Legal Ramifications of Breaking a Deal |

Legal Ramifications of Breaking a Deal


On Thursday, I discussed the business ramifications of backing out of a domain deal, and how doing so can potentially cause major damage to a person’s reputation. Both publicly and privately, I’ve heard from a few people about this type of issue, and it really seems to be a big problem in the industry. For whatever reason, some people believe that just because an official contract created by attorney was not signed by both parties, the agreement is not legally binding.

Yesterday, my friend Mike Berkens discussed the legal aspect of a buyer reneging on a deal. There are many variables that come into play with a situation like this, so it isn’t always cut and dry.

While most domain transactions probably wouldn’t be worth the expense and hassle of filing a lawsuit if an agreement was breeched, it might merit a call to an attorney to explore the options. In all cases, the buyer should take some time to decide whether its really worth fighting, as legal action isn’t usual a simple process. A business case/cost benefit analysis should be made to determine whether the outcome would benefit the business based on the potential costs.

Whatever the case may be, I think everyone can agree that backing out of an agreement is in poor form.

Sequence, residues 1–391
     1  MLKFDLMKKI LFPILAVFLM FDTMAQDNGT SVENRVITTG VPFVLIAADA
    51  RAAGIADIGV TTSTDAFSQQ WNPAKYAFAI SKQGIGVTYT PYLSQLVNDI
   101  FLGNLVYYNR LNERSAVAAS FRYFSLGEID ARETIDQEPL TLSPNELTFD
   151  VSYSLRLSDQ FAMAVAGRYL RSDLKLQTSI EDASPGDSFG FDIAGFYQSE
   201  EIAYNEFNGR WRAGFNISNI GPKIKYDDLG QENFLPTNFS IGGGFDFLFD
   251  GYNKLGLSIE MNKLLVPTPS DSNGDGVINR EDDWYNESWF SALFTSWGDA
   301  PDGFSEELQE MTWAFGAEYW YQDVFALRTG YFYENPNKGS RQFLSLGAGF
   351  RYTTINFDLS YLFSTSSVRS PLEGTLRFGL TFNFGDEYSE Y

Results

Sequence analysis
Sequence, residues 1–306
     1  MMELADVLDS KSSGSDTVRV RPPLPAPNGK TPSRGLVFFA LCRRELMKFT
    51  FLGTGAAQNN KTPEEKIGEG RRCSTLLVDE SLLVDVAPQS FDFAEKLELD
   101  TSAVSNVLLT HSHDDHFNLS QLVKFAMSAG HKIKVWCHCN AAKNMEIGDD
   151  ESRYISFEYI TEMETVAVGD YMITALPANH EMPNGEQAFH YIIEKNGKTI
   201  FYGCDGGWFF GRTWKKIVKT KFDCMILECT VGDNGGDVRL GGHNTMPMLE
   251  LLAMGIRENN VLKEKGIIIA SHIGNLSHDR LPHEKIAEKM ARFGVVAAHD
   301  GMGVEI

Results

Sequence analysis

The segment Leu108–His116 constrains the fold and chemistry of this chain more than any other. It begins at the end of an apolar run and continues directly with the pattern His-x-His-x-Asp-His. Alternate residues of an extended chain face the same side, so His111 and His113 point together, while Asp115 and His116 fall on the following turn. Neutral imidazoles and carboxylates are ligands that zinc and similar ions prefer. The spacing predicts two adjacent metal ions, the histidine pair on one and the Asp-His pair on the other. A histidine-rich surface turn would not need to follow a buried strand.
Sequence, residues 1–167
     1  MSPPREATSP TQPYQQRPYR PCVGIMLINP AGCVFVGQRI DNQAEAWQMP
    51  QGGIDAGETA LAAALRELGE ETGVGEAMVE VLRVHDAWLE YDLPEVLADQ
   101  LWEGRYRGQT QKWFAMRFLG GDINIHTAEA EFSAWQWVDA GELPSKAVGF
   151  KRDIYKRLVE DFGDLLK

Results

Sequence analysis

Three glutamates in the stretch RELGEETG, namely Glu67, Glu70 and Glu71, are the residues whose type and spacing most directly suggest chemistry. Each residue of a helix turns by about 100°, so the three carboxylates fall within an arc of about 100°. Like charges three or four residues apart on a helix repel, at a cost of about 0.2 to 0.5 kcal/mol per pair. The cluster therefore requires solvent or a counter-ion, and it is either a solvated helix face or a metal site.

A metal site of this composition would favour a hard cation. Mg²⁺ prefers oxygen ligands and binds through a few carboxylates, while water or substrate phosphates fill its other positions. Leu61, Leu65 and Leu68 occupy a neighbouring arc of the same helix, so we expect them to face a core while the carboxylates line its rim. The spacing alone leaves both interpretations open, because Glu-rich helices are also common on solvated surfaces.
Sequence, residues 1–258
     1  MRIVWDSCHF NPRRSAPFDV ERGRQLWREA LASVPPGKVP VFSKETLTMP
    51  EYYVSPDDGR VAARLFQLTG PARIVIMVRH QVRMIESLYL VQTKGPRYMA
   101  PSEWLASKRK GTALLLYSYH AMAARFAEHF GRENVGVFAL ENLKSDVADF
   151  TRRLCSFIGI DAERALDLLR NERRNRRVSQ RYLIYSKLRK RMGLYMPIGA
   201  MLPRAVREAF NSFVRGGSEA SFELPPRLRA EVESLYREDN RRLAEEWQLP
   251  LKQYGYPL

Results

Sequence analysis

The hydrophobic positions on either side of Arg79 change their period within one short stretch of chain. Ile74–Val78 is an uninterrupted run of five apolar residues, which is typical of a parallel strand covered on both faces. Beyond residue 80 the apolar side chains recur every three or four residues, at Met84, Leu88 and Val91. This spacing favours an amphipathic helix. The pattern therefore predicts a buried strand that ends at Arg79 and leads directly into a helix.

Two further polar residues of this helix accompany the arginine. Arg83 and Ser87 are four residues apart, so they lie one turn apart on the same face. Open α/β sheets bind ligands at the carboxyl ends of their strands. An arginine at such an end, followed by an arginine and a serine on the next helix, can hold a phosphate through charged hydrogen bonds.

About The Author: Elliot Silver is an Internet entrepreneur and publisher of Elliot is also the founder and President of Top Notch Domains, LLC, a company that has sold seven figures worth of domain names in the last five years. Please read the Terms of Use page for additional information about the publisher, website comment policy, disclosures, and conflicts of interest.

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Comments (2)


    Aside from the ethical issue of backing out of a deal – and I do think that’s an important consideration – there’s the fact that the domain name industry is a lot like a small town where everyone knows everyone, or at the most is two steps removed. If you develop a reputation for shady behavior, it will make it very difficult to function in this industry.

    December 31st, 2007 at 1:26 pm


    Sorry, I posted my comment and then I scrolled down the page and saw your earlier post in which you already made that point.

    December 31st, 2007 at 2:10 pm

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